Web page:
Release of German Priest, Hans Joachim Lohre, Held Hostage for a Year in Bamako, Mali

Soukaina Sghir
Soukaina Sghir
2 Min Read
Hans Joachim Lohre

In a significant development, Hans Joachim Lohre, affectionately known as Father Ha-Yo within Bamako’s Christian community, has been freed after a year-long captivity. The German priest was abducted on November 20 last year in Bamako and held hostage by the Jama’at Nasr al-Islam wal Muslimin (JNIM), an affiliate of al-Qaeda. The circumstances surrounding his release, which occurred on Sunday morning, November 26, remain undisclosed, as neither Berlin nor Bamako has officially communicated details at this stage.

Confirmation of his release comes from Malian security sources and individuals close to Father Ha-Yo in Bamako. For a year, the Catholic community in Mali has fervently prayed for the liberation of Hans Joachim Lohre.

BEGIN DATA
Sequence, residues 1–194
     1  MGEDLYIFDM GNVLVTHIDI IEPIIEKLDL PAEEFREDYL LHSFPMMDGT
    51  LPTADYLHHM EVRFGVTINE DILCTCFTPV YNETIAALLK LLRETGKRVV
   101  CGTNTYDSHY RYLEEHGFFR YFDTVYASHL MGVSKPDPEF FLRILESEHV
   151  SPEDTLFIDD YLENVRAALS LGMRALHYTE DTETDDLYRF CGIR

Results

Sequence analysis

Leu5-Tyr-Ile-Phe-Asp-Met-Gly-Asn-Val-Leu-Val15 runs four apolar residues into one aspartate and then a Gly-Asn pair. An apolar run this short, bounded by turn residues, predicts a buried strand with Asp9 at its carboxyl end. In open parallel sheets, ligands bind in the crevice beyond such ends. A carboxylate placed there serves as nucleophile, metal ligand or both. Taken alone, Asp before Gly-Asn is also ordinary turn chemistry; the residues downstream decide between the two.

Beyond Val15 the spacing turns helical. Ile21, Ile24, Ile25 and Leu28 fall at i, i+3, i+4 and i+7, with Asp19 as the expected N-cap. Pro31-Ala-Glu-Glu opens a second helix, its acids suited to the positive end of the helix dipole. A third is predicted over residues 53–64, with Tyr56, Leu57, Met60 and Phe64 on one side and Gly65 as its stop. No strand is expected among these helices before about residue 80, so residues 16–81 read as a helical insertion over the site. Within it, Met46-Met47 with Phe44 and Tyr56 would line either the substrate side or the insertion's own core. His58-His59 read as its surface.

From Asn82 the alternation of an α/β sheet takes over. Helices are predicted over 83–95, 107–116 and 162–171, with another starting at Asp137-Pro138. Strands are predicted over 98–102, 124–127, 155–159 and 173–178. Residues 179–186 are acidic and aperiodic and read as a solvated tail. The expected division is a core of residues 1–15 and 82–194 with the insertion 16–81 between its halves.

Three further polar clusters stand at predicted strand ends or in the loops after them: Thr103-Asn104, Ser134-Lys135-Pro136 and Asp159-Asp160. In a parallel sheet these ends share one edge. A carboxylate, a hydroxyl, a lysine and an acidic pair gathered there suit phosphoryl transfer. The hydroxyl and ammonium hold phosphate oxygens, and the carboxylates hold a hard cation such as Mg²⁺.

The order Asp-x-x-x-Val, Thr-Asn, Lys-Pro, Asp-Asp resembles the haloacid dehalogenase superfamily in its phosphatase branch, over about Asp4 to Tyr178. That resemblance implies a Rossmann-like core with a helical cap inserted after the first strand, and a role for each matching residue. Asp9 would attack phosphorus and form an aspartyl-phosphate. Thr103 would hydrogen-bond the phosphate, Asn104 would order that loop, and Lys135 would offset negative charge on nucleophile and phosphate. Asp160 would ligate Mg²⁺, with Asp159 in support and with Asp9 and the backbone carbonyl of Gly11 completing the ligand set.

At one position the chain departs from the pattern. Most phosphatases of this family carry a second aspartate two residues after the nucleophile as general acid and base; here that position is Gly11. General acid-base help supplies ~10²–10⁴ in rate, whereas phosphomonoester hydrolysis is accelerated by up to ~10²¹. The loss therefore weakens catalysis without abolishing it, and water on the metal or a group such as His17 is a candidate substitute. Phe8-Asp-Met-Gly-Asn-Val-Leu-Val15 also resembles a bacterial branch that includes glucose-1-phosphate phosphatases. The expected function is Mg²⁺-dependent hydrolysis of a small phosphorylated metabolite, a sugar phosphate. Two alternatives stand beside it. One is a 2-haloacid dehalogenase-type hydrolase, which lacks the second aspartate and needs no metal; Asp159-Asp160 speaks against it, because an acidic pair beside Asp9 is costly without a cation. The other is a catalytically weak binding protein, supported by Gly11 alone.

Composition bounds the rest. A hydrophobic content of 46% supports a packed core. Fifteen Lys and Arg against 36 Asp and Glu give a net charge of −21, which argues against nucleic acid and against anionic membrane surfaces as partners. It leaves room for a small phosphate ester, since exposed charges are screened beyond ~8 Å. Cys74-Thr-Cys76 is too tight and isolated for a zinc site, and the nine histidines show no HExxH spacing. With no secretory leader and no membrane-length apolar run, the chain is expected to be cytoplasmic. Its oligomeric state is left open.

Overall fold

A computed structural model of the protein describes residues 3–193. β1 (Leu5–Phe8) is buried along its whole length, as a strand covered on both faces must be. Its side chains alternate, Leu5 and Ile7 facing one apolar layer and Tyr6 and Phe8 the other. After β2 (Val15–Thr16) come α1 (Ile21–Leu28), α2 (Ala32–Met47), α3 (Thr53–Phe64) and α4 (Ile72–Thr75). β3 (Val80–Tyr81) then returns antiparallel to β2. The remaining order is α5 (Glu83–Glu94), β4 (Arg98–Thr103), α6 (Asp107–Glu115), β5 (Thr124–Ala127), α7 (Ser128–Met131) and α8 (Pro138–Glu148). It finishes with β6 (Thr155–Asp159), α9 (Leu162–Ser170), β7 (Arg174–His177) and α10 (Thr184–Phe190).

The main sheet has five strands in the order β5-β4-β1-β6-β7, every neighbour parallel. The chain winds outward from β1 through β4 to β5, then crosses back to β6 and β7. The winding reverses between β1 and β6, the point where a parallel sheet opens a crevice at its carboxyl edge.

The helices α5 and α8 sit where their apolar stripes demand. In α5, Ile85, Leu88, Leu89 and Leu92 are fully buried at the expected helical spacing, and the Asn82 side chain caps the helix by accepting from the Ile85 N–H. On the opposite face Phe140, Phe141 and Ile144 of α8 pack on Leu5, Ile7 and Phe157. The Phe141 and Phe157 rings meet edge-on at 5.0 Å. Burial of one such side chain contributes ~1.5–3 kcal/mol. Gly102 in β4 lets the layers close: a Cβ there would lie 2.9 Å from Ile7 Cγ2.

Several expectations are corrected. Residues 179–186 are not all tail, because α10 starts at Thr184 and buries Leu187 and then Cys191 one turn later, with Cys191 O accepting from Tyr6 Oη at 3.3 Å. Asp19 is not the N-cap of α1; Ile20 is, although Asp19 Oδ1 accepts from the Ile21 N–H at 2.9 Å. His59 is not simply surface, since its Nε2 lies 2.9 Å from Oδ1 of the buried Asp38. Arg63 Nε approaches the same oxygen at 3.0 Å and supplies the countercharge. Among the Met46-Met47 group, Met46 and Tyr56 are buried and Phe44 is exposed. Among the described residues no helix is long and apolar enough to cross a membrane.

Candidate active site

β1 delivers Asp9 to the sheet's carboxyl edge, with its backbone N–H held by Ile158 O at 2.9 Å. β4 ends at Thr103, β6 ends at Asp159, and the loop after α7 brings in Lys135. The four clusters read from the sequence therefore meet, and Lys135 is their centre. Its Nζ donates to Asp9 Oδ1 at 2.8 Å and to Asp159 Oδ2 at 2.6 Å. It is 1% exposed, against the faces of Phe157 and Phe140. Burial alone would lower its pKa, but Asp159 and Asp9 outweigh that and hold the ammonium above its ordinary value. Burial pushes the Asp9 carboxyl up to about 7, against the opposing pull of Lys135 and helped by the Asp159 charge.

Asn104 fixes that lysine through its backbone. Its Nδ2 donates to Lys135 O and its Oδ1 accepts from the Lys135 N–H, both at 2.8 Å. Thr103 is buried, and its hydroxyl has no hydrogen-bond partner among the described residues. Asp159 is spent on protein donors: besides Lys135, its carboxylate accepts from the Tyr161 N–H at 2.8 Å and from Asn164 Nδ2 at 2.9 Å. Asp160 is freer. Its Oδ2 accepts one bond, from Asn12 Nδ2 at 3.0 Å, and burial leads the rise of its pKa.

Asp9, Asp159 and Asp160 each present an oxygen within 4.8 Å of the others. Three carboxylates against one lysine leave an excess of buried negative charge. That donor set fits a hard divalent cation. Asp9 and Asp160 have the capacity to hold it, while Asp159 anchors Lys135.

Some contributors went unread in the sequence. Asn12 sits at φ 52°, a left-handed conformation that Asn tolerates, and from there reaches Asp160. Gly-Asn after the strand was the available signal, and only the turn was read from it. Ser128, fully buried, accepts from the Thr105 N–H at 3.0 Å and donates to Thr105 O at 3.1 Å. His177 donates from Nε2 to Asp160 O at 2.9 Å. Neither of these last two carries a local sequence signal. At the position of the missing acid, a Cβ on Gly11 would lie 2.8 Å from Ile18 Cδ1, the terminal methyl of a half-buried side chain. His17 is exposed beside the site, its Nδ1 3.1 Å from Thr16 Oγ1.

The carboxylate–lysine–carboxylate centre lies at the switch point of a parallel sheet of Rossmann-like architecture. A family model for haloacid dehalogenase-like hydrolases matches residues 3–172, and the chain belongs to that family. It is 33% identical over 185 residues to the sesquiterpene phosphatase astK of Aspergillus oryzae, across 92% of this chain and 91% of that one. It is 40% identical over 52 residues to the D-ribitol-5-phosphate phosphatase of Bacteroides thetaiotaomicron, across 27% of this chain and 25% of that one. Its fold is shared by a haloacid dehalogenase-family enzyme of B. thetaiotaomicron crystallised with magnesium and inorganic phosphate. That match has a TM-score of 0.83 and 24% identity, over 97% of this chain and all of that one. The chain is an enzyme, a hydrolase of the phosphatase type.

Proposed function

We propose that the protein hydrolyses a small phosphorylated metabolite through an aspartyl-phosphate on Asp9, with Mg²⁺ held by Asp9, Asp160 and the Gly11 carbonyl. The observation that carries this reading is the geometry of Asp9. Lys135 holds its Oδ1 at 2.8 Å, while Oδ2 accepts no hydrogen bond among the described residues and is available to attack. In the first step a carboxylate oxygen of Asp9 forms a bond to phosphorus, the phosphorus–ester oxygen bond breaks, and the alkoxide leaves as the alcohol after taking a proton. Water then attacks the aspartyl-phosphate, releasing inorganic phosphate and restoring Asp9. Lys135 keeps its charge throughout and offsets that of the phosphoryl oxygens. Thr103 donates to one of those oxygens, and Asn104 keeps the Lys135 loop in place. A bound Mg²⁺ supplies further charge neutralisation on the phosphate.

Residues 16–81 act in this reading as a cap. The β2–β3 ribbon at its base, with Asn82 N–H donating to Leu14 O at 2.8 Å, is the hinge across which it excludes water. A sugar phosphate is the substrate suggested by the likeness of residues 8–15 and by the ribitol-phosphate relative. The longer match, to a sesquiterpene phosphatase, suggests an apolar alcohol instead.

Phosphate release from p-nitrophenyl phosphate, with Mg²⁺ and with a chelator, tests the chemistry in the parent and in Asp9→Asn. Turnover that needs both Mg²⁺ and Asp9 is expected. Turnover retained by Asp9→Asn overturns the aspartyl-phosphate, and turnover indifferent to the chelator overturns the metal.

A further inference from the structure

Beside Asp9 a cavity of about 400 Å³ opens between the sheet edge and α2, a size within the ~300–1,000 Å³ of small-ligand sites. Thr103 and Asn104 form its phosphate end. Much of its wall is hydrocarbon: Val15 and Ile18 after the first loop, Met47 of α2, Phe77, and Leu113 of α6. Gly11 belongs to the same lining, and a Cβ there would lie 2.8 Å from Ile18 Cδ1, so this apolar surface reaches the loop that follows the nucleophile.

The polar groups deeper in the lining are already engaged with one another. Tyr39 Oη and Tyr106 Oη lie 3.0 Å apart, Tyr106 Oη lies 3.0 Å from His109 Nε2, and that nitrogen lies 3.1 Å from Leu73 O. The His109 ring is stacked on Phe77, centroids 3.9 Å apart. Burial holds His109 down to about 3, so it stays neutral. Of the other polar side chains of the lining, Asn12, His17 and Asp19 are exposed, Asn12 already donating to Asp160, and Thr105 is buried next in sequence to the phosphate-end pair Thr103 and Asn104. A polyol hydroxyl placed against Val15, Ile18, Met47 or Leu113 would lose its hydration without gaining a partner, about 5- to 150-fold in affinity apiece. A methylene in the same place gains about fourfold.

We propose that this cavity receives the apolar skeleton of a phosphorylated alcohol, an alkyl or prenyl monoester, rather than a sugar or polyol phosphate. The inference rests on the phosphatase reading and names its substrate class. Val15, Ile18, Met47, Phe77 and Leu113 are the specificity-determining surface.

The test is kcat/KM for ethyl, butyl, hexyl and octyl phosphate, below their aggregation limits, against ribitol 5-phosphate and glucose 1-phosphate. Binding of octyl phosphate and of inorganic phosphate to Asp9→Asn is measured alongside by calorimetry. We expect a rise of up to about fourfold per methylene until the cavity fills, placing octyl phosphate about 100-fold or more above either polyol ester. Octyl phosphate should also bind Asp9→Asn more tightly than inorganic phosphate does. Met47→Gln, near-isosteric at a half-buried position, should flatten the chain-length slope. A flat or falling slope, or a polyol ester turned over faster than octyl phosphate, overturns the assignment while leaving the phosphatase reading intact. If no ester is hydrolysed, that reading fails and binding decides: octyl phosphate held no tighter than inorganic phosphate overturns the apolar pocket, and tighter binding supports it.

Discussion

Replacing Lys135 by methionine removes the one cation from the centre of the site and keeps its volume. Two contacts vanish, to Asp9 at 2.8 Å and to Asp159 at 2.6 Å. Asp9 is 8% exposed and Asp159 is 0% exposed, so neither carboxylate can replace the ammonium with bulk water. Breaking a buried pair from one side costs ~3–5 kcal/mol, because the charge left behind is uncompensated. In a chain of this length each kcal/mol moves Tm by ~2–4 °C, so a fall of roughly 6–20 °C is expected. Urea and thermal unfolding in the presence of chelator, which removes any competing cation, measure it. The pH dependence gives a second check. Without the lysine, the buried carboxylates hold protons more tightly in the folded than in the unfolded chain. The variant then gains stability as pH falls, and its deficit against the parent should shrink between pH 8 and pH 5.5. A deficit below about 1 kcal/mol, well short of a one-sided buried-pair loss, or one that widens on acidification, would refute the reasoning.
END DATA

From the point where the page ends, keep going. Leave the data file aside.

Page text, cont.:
At 65 years old and having resided in the country for about three decades, Father Ha-Yo taught and lived at the Islamic-Christian Training Institute (IFIC) in Bamako, an institution dedicated to inter-religious dialogue.

The abduction occurred as he was preparing to participate in a Sunday Mass. The cross he wore around his neck was found near his car, close to the institute where he lived. Although the perpetrators could not be formally identified, diplomatic and security sources confirmed less than three weeks later that the German priest was indeed in the hands of JNIM, linked to al-Qaeda.

The jihadist group has long employed hostage-taking as a means of financing in the Sahel region, with numerous Malian and Western hostages either still in captivity or having been held in the past. However, Father Ha-Yo stands out as the first individual abducted in the heart of Mali’s capital city.

Soukaina Sghir

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